0 items in your cart
This website uses cookies to help improve your online experience. If you continue without changing your cookie settings we'll assume that you are happy for this website to use cookies. Find out more about our cookies. Hide this message.

Cable Reference Guide

Ethernet Cables Maximum Speed Solid / Stranded
Cat5 100Mb/s Both
Cat5e 1Gb/s Both
Cat6 10Gb/s (50m or less) Solid for longer lengths
Cat6A 10Gb/s (max 80m*) Solid for longer lengths

*Depends on cable specification

Stranded vs. Solid Cable

Solid Ethernet cables have a single core of copper. This offers better transmission, allowing the maximum allowable distances to be reached, but are not as flexible as stranded cables.

Stranded Ethernet cables have multiple strands of copper, allowing greater flexibility but shorter maximum distances. Stranded cables are more suitable for touring uses.

Shielded vs. Unshielded

By their design, Ethernet cables have been designed to reject noise. However in certain applications, more protection is required to ensure fault-free operation. Datasafe Cat5e cable provides an overall braid shield.

DMX Cables

  • 300m maximum length
  • All DMX cables should be terminated
  • RDM uses the same pair as DMX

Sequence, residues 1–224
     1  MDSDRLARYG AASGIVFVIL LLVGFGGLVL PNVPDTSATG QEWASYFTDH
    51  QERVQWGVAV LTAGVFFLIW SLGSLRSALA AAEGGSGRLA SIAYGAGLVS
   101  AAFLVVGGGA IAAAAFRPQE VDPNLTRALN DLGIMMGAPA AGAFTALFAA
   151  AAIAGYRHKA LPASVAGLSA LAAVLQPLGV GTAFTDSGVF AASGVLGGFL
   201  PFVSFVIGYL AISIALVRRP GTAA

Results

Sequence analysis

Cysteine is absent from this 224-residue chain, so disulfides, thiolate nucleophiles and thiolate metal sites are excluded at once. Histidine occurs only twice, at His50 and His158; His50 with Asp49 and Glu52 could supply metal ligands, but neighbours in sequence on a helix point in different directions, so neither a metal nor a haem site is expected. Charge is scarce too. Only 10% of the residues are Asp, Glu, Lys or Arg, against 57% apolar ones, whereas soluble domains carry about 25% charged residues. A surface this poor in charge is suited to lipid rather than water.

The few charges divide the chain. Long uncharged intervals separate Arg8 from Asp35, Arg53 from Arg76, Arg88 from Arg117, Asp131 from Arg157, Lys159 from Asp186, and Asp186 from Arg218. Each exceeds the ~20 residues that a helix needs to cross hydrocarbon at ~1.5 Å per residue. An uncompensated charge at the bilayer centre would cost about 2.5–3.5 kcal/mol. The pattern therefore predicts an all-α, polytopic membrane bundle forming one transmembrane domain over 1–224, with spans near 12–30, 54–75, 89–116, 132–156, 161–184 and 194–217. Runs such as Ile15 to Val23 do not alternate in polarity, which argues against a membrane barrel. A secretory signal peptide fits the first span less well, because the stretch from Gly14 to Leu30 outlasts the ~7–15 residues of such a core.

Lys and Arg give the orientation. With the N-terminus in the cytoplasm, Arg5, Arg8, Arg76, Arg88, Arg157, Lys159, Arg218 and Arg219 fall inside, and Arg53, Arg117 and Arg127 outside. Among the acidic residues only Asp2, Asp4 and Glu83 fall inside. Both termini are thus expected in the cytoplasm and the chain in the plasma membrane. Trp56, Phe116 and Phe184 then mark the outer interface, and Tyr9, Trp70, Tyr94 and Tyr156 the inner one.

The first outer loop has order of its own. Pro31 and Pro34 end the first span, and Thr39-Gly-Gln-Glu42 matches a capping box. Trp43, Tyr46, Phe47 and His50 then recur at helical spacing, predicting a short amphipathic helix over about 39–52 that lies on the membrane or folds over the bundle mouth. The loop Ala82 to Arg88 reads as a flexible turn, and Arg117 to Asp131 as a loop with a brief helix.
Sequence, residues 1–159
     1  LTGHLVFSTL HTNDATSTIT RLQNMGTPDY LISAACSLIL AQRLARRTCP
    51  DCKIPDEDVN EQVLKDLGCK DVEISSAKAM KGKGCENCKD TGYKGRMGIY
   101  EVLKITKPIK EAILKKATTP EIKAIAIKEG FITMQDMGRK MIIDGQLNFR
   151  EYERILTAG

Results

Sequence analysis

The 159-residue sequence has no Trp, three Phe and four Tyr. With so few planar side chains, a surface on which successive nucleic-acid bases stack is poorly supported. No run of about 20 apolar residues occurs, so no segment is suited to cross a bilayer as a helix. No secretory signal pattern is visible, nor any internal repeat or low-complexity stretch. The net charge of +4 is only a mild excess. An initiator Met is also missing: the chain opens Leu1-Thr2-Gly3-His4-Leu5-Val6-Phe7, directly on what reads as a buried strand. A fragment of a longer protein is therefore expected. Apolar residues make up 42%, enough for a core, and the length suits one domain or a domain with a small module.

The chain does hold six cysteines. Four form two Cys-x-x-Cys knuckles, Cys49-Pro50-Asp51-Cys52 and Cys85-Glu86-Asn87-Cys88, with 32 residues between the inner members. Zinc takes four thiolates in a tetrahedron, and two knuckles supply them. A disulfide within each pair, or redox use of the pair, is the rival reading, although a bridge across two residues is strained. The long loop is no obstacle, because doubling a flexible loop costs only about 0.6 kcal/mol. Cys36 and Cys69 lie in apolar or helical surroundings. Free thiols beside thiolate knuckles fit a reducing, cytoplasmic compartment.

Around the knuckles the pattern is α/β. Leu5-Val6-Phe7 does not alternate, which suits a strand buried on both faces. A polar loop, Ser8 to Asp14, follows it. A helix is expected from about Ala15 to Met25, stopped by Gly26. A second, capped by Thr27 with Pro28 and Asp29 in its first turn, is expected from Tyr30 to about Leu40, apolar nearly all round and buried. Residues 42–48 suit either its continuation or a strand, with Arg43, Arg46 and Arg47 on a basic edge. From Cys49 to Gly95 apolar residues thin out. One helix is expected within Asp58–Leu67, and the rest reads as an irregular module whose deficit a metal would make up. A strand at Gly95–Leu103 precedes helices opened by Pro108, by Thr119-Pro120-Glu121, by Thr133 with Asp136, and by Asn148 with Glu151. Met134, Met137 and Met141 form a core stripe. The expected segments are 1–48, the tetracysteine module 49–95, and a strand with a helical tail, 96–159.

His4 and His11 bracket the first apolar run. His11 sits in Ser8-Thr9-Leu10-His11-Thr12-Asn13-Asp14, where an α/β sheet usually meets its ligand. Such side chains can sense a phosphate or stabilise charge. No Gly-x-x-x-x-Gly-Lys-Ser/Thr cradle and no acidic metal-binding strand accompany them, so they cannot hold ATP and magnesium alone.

• 2nd pair is generally used for proprietary protocols
  • Ethernet cable can be used for DMX512-A, but shorter cable limits apply
  • DMX and microphone cables are different and have been designed for different tasks

The problem with cable adaptors

Metal cable adaptors, such as 3 to 5 pin, can cause serious damage to a product if plugged directly into the panel-mounted XLR connector. A short cable should be used between the adaptor and panel mounted XLR connector.

Using Power Cables

  • Cable diameter (cross sectional diameter) dictates how much current the cable can safely cope with
  • Always uncoil cables under load
  • Use appropriately heat rated cables (silicone based) when laying cables close to heat sources
  • IP rated connectors should still be mounted appropriately, i.e. off the floor and bagged
  • Male to male power cables are ALWAYS a bad idea. You would be surprised how many people use them